One day during a finance class of Prof David Wessels at Wharton, suddenly, the classroom door flew open and a hefty guy entered with a cardboard box in his hand.
The interrupted class sat in stunned silence — we were all staring at that guy.
But without missing a beat, he confidently asked, “Professor, did you or someone here order a pizza?”
Bewildered, the professor looked at us.
The pizza delivery guy realized his mistake. He said, “Oh, it must be some other classroom — sorry about that.” He then left the room, closing the door behind him.
What struck me was how confidently that guy talked to the professor, like an equal — no servility or any sense of social inequality. Despite the awkward situation, he showed zero nervousness.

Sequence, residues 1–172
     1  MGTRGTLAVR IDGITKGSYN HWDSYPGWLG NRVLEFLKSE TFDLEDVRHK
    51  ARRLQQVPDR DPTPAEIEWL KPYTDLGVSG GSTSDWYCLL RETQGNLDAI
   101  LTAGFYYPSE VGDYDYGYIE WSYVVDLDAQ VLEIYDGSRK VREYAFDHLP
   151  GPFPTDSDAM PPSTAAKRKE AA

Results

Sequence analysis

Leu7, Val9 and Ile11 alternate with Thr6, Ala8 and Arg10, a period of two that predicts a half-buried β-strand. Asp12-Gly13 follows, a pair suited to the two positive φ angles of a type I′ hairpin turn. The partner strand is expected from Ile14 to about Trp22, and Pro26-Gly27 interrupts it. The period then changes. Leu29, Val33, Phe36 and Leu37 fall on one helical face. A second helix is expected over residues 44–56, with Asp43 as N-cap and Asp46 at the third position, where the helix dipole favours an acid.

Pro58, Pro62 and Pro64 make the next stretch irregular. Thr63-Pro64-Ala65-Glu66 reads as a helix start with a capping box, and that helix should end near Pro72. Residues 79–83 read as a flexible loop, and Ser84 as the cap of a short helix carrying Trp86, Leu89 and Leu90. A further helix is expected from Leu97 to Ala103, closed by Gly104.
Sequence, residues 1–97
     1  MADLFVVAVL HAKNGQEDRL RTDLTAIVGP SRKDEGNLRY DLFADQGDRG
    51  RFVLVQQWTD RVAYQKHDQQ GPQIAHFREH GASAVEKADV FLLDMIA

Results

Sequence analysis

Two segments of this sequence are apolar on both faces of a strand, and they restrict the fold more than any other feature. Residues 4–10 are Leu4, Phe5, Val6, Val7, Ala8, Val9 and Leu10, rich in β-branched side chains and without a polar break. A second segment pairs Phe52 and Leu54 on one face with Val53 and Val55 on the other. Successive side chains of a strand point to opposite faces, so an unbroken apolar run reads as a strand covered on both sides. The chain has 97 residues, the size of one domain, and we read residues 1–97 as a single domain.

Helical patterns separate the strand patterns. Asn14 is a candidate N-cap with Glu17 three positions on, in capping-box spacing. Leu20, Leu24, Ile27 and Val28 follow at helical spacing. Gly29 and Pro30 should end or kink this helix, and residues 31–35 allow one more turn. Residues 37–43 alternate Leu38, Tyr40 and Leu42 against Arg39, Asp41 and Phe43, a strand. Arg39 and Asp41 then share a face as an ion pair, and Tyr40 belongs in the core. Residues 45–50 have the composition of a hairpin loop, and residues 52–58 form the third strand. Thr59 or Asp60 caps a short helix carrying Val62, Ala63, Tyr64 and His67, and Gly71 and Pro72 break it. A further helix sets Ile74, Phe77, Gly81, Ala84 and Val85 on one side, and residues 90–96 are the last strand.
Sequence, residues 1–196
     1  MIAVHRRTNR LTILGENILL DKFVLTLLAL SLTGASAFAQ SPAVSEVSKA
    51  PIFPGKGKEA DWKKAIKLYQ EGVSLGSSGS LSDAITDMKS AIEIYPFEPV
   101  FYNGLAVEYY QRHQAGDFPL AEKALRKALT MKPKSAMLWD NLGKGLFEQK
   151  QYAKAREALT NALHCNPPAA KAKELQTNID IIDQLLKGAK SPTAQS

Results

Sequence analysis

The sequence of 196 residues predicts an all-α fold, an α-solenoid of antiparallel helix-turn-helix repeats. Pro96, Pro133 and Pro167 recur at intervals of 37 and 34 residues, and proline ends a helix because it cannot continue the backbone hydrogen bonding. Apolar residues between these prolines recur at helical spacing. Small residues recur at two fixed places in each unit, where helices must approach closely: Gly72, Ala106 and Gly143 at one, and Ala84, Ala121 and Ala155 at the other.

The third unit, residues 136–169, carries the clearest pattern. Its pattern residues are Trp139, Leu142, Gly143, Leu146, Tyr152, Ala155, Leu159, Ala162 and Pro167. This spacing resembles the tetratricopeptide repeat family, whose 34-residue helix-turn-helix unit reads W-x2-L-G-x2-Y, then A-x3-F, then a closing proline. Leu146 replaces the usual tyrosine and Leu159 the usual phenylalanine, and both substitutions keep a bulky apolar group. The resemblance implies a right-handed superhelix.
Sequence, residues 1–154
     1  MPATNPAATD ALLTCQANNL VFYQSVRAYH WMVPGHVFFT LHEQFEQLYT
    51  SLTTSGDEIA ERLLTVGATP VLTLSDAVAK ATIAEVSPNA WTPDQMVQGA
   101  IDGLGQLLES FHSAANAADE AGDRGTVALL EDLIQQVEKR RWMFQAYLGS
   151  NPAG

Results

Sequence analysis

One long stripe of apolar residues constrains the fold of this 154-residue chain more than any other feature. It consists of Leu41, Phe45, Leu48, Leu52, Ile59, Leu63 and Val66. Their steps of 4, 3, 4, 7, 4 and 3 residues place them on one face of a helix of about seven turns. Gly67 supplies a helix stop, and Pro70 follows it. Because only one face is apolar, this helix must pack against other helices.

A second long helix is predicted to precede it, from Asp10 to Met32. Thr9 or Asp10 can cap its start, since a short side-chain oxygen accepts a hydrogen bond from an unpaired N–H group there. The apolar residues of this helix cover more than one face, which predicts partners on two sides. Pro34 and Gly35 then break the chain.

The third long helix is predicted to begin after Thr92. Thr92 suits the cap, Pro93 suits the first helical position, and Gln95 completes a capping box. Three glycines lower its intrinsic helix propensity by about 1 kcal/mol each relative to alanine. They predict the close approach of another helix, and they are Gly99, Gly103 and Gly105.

This would probably never happen in India. If a pizza guy were to walk into an IIM classroom, he would have fumbled with embarrassment and left hastily.
Our social hierarchy subtly trains people to be submissive before a person in a superior position. And that erodes our confidence.
We have to learn to be respectful without being submissive. We need to inculcate that in our workplaces and in our society. And ideally, it has to start with our kids.
If a child is trained to be scared of the school principal, that mindset will never go.
Let us learn respect, not fear.